From #WildIsOutThere to #WildIsAllAround; An Ongoing Journey

Note for the readers: Greetings RazaVerde, on the anniversary of his passing we celebrate the life of an inspiring conservationist, mister Steve Irwin, by celebrating our own discovery of the love for nature. Our invited writer for this article is my very good friend and colleague, Junaid Khan, you can find out more about him at the end of this inspiring post.  I keep on trying to find new ways to tell wild stories. If you want to read more from Junaid and would like to have more invited authors, leave me a comment, tell me what you enjoyed, I would love to hear your thoughts.

“I want to swim with a Blue Whale.” That’s it. That was my response to “what do you want to do in your life?” It was a simple answer for me; second nature. But, why a Blue Whale, and why this dream and career?

Junaid Khan

In the middle of an abandoned cormorant colony, Junaid explores for more birds. The cormorants, smart birds as they are, leave the country during the winter, leaving some room for us to explore in the crispy blue cold.

I did not grow up in a single nation; I had a very migratory life with my family. This made it hard to make any long-lasting friendships, which meant my friends were those I could take with me. Chickens, Guinea fowls, budgies, finches, pigeons, quails, and the occasional goat were most of my childhood bonds and friends as they were quite easy to transport and relatively easy to keep. I loved and cherished these friends. It was not until a fateful TV special, however, where I truly started to become fascinated with animals as more than just easily transportable companions.

It happened when I first learnt of a man named Steve Irwin, the man who would become my lifelong hero. The man ran around jumping on crocodiles and wrangling snakes with a passion and excitement the likes of which I never knew could be mustered about animals. I was hooked; I watched him every day, becoming more and more enthralled with these exotic animals the likes of which I had never known existed. Australia was my dreamland. That is where Steve Irwin was. That was where the animals were! That was where wildlife was.

I continued to travel even when I arrived in Canada after having been to three other continents and lived in four other countries. I have been blessed to have seen the Rocky Mountains, the Arabian Desert, the Pacific and Atlantic oceans, and many of the creatures within these incredible ecosystems. Yet, nothing could beat my long-held image of Australia; wild was still out there. I dedicated myself to wanting to be Steve Irwin, jumping on crocodiles, running up to cameras, and speaking to millions of people around the world about the incredible magic of animals!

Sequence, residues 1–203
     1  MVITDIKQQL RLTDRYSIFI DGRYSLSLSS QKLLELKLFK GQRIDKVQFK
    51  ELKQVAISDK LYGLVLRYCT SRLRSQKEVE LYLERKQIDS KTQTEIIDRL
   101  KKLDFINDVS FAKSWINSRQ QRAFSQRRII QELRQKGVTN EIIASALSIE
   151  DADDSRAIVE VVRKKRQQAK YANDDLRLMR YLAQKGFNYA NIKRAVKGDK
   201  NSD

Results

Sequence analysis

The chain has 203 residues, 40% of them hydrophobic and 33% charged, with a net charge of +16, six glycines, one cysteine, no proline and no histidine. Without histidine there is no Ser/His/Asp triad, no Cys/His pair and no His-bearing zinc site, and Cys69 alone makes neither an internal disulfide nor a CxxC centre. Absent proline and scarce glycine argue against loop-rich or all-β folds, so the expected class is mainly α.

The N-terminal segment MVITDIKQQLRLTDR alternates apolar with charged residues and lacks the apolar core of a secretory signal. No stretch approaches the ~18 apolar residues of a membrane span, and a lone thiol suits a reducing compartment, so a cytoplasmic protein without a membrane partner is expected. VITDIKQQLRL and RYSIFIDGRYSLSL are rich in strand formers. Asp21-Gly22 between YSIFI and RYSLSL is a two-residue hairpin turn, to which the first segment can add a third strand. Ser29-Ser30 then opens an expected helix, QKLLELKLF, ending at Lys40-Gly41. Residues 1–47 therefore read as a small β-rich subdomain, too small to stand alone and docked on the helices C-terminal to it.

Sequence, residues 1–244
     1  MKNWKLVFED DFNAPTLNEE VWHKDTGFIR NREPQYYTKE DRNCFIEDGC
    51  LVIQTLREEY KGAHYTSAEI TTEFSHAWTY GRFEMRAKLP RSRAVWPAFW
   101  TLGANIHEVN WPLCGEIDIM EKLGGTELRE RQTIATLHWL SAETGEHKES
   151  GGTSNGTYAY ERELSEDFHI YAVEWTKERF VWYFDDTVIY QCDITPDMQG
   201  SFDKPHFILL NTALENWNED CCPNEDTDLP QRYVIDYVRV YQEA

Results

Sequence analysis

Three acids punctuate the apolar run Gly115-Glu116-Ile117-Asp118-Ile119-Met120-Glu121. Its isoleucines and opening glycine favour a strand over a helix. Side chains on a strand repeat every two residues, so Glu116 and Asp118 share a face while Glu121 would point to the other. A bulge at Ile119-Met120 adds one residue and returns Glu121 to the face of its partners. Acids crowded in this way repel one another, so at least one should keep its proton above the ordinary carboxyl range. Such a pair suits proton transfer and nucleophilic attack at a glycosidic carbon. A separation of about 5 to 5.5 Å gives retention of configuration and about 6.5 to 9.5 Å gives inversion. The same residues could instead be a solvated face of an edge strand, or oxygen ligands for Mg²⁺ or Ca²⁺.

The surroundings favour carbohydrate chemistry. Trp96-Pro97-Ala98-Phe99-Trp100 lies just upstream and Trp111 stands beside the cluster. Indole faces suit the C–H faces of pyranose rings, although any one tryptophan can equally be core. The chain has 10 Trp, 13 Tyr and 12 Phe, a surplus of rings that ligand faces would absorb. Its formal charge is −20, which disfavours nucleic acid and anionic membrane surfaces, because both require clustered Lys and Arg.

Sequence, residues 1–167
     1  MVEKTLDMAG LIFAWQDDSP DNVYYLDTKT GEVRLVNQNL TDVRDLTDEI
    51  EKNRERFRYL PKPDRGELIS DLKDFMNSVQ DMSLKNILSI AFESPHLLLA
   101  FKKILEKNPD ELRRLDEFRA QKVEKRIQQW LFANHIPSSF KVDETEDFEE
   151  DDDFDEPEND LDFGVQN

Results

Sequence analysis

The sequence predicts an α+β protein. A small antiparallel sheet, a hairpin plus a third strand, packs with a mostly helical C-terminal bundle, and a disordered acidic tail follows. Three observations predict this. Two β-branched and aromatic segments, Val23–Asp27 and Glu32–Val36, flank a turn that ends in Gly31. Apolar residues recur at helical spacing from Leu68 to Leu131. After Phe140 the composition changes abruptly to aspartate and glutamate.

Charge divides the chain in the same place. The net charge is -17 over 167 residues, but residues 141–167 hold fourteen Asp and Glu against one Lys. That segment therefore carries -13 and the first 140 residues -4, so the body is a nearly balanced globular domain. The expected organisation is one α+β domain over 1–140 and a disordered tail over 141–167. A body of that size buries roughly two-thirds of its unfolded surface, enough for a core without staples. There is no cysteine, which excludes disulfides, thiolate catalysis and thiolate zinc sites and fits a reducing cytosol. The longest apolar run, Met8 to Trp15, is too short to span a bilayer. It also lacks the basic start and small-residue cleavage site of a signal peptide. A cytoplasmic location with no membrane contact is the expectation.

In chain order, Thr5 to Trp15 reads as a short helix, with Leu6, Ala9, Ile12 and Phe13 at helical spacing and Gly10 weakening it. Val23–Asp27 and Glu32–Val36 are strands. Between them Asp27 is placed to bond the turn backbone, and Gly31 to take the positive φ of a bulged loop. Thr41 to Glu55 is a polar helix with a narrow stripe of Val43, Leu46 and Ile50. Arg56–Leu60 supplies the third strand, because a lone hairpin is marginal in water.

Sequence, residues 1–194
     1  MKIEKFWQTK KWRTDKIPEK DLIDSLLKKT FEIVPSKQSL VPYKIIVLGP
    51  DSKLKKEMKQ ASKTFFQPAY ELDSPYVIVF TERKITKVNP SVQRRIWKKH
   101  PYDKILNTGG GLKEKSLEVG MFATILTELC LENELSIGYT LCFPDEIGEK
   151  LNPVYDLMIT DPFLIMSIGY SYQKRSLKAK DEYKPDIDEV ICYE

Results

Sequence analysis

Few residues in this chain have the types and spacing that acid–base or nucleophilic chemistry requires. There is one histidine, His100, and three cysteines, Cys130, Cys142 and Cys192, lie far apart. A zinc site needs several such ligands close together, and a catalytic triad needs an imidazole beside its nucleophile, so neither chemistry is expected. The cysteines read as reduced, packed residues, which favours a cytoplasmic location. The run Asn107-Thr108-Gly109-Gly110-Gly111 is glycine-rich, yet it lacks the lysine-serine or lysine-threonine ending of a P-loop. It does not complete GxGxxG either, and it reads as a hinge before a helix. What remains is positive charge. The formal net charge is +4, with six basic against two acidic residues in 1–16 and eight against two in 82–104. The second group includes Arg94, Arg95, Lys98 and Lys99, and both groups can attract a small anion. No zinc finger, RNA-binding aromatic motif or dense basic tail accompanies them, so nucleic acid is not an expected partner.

Now, if you are an animal lover of any sort, you likely know of Steve Irwin, maybe some of you could even attribute aspects of your passion for animals to him, or perhaps some may even dislike him. I know I have certainly met a fair few people in my life who have made both those claims. However, no matter how close my academic and professional career brought me to animals, no matter how many new species I saw and held, I could never settle my direction in the field. I still had not gone to Australia, and I had still not seen “true wildlife.” I do not have very many pictures of the animals I have seen over my life. That is in part because none of them were the wildlife I had pictured in my mind.

It was not until I had already worked for two conservation organizations, and was now working on my Masters in Ecology that all of this changed, and it changed because of a simple realization: I did not know the first thing about animals. See, I had always learned great facts about species and knew about all the different exotic species Steve showed me, but ask me about the migration patterns of the American Robin (Turdus migratorious), and I could not tell you the first thing about it. The challenge I had, and the problem I was faced with, was the fact that I had externalized the concept of wildlife, and hence the basis of my passion in ecology, to a country I had yet to go to. How could I possibly get truly interested and involved in my studies and work if I had never experienced wildlife?

Exploring at -18 Celsius

“They said it was gonna be cold… it was cold. A picture cannot adequately capture 8 hours of outdoor exploration during the peak of the Canadian winter. Yet there is not one thing that will hold me back from looking for animals.” Andres Jimenez Monge with me in Tommy Thompson Park

I got woken up to this fact when I met my friend Andres Jimenez Monge. See, he loves Steve as much as I do, and he had done a similar amount of insane things to see exotic animals; we were from the same planet. All except for one key difference. Andres was excited about all kinds of animals, not just Blue Whales (Balaenoptera musculus) and Dingos (Canis lupus dingo), but local mammals and frogs and snakes! Since Andres had not explored Toronto as much as I had, I took him to a place I had been before but had never truly appreciated as much as I knew he would. I asked him to teach me something about species in my backyard. An ironic ask, as he is from Costa Rica, and I have lived in Toronto for almost 12 years.